Does that mean that one should remarry after a divorce? It doesn’t. Does that mean one shouldn’t remarry after a divorce. It doesn’t. But it does mean that through Grace we can be reconciled to God and in right relationship with him, and from there it can help to reshape our earthly relationships as we love God and love others in the way that Jesus told us (Mark 12:30-31).
A couple of helpful resources to check out further:
Thank you Gary, this is incredibly helpful and I will definitely go to those sources you have mentioned.
Ashton, thanks for opening a discussion on this important question, and for recognizing the centrality of forgiveness. Gary has unpacked this in such a thoughtful and thorough way, with some excellent resources. For me, there seem to be a couple areas where forgiveness could be needed: firstly seeking God’s forgiveness for marital shortcomings or failures, and secondly granting forgiveness to a partner who has wronged the other. To bring these two areas together, I just wanted to linger on one of the verses Gary mentioned, Eph. 4.32: ‘Be kind to one another, tenderhearted, forgiving one another, as God in Christ forgave you.’ We’re pointed to the ultimate expression of God’s forgiveness, accomplished through Jesus’ cross. And as Gary mentioned, here God has dealt with our sin, to the extent that He offers pardon for our worst offences when we repent. The cross reminds us that our restoration was immeasurably costly to God. We’re told this is our model for forgiveness, so perhaps we should not expect forgiving one another to be an easy journey. But it’s not one we take alone, or in our own strength, but with God and by His grace. I can’t speak for someone who has suffered marital breakdown, and would not want to minimize how profound a violation this could be. I was so thankful for the talks today, like Naomi Zacharias and Abdu Murray’s, acknowledging how seriously God takes the suffering of His creatures, and the hope that can be found even there, particularly as we look to Jesus. This is such a small offering to address such a deep question, but I hope its helpful.
Ashton, thank you for your genuine question. Gary and Meaghan have posted great insights. I just want to propose another angle. When we read Jesus’ teachings closely we should conclude that He teaches that God cares not just about the actions but about the heart and character from where they originate. In this light, I think a good way to think is not just" what is permitted or can be forgiven by God?" but “how can I be the kind of person that Jesus thinks about?”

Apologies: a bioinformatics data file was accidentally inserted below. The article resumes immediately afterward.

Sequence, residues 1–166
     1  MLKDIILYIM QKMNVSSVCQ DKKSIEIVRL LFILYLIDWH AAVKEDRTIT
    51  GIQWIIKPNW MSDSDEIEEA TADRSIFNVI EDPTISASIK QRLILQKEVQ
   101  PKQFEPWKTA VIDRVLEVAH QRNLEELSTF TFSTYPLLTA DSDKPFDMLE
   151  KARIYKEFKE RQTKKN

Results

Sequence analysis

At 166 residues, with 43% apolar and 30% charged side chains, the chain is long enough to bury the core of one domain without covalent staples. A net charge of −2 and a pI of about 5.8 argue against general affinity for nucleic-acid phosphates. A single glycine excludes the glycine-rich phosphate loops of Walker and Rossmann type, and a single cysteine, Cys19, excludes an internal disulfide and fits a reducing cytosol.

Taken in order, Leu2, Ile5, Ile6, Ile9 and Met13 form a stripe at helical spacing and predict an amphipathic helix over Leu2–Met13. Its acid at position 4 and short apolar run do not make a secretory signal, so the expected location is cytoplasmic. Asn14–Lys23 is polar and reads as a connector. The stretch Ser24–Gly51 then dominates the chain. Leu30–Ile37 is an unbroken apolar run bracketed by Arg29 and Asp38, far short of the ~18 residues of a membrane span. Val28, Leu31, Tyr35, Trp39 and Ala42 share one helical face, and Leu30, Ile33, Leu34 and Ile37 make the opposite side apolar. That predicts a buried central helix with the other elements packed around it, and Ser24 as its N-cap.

How can I be a person that receives supernatural grace to revive a marriage that seems dead and to forgive wounds or humiliations? And/Or how can I be the person that has enough love and enough wisdom to recognize that a relationship can’t continue in the current course not because God can’t help a spouse but because he/she has been resisting God’s transformative grace.
In the same vein, I imagine that a good question to ask is not will God forgive me if I remarry but is God calling you to remarry? Has God been leading me to this or do I feel I will not be fulfilled without marriage or a romantic relationship?
To conclude, what I am suggesting is thinking about our attitudes and motives (heart & character) not just commandments or what is “lawful”
There have already been excellent responses. But allow me to share some thought on the subject.
In John 4 the Lord met a Samaritan woman living in an adulterous relationship.
Jesus saith unto her, Go, call thy husband, and come hither.
I’m not an expert in language. But what I see in the words Jesus used in this phrase is acceptance and not condemnation. Without any denigrating word He told the Samaritan woman to call her husband, the sixth man he is now living with. Here Jesus recognizes, affirms their husband and wife relationship, albeit being adulterous.
The woman answered and said, I have no husband.
Knowing well that she is living in error the woman responded in denial perhaps convicted of her sinful relationship.